I briefly wrote several weeks ago about the roles of arts administrators and their importance to adapting to the constantly changing public roles of contemporary museums and the tasks they are faced with. Some particular challenges that face museum administrators have often been illustrated to me by the Georgia O’Keeffe Museum’s education department, as education is one of the facets of museum administration that is most directly engaged with the public.
Last week, I experienced some of the challenges museum educators encounter when I had the privilege of substituting for one of our docents on a gallery tour while our docents and tour guides met for a meeting regarding our newest exhibition. The Museum was fairly crowded at the time of the tour, and a large number of people joined my group. I saw this as an excellent opportunity to employ some new strategies I have heard being discussed in the education department about encouraging visitor participation on tours to make a tour at the Museum a more engaging, deductive, and experiential exercise than a simple informational tour. I encouraged visitors in my group to share their thoughts on Miss O’Keeffe’s artistic development and strategies in particular paintings, her possible inspirations behind the paintings, and their personal feelings and reflections on viewing the works. I tried only to provide enough necessary factual information to continue the flow of the conversation, hoping for visitors not to wait to have answers to questions dictated to them, but instead to work toward finding answers and conclusions through the sharing of ideas and deductions among themselves.
Many visitors were extremely receptive to this strategy, and a very enjoyable and productive conversation was carried on throughout the tour. However, other visitors were definitely left wanting for more facts, such as details of Miss O’Keeffe’s biography. I fielded their questions to the best of my ability, but my more conversational approach did not prove ideal for them. My reflections on the effectiveness of the tour reinforced the lessons I took from my previous, brief experience in education as an undergraduate teaching assistant: for every person a teaching strategy is perfect for, there is another that it does not work for at all. Thus illustrates the struggle for museum educators to find a balance in education methods, strategies, and styles to appeal to and interest the largest possible segment of visitors. Fortunately, the Georgia O’Keeffe Museum has a visionary staff constantly exploring new pathways to achieve this goal, marking the Museum as an innovative and dynamic institution that is working to fully engage audiences on the local, national, and international levels.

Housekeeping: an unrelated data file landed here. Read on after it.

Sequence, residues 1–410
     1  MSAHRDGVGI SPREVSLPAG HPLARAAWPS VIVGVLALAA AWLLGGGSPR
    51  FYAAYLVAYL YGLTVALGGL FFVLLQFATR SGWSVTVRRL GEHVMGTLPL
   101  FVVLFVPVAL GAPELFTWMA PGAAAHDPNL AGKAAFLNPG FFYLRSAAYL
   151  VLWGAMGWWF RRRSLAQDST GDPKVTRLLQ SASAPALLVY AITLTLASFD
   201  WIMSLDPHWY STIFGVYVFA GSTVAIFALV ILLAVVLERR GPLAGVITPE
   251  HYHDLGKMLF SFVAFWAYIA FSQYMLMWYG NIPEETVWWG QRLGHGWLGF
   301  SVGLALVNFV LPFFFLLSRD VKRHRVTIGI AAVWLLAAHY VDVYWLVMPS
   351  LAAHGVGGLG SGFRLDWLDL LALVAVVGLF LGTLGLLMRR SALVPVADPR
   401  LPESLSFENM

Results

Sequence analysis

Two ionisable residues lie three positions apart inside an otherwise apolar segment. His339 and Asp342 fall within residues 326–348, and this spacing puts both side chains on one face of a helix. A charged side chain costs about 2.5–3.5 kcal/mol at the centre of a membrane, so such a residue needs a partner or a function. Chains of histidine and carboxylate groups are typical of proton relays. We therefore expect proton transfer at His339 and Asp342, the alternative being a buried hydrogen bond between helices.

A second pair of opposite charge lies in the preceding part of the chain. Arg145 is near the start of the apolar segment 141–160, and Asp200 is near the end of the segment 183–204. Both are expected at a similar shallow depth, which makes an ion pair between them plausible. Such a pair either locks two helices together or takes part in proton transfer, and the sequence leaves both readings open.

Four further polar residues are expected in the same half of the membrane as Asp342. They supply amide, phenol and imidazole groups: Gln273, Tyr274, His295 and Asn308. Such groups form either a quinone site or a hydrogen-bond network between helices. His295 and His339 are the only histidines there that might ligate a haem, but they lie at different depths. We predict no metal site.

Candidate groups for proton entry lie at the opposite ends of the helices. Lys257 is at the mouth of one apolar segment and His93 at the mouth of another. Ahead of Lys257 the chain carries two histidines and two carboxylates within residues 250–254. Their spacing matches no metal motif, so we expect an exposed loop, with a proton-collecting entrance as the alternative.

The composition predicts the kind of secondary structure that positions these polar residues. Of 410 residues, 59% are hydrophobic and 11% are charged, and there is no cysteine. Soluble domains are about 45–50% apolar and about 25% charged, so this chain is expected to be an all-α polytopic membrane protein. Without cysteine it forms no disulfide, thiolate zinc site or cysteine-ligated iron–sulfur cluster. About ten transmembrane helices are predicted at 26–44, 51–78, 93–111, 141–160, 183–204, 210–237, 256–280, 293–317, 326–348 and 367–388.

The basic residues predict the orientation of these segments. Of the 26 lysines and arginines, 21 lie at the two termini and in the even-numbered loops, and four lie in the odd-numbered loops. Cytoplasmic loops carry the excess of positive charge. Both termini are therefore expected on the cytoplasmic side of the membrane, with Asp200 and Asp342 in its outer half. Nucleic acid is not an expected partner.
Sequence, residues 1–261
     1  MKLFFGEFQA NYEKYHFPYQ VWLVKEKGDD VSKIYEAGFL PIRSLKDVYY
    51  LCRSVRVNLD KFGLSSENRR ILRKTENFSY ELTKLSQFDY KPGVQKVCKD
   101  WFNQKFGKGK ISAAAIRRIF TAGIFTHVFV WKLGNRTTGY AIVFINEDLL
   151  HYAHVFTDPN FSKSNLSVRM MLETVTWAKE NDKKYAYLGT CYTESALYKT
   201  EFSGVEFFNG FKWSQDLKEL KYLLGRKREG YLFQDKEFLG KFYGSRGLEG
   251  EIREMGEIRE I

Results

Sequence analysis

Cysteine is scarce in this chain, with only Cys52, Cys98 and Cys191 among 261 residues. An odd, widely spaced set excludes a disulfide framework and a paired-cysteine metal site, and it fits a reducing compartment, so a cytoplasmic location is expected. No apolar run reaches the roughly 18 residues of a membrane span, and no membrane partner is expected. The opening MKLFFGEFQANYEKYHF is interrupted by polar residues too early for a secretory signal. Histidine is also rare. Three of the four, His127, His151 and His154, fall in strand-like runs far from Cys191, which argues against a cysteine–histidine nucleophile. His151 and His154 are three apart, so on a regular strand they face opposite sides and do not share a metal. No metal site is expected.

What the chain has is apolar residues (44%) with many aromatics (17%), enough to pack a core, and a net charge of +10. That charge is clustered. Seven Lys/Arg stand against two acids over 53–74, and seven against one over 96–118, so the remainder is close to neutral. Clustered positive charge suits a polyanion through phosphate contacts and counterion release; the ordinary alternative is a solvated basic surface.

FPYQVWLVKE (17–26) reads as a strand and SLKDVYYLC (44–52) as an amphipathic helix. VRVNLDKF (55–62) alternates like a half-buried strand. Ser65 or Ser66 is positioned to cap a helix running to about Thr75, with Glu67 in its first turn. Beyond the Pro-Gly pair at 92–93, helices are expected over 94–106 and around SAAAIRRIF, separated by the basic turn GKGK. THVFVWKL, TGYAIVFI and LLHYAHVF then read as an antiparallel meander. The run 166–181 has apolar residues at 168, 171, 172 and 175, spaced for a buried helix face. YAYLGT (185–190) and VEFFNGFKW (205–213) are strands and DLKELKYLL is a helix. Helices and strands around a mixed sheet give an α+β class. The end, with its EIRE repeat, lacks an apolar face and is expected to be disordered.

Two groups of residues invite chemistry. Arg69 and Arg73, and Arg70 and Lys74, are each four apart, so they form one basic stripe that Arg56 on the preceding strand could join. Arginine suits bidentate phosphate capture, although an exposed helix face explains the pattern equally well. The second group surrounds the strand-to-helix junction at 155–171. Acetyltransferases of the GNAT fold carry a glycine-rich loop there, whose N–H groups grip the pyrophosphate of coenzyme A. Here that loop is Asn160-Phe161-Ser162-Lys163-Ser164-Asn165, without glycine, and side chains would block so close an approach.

To conclude my thoughts on museum education administration, I would like to encourage any readers who would like to share their impressions of education strategies at the Georgia O’Keeffe Museum, or any museum, to do so in the comments. One of the best strategies for improving education methods, is, after all, listening to feedback from the audience themselves.
Patrick Gora, Curatorial Intern
Feature Photo: Georgia O’Keeffe, Black Lines, 1916, watercolor on paper
©Georgia O’Keeffe Museum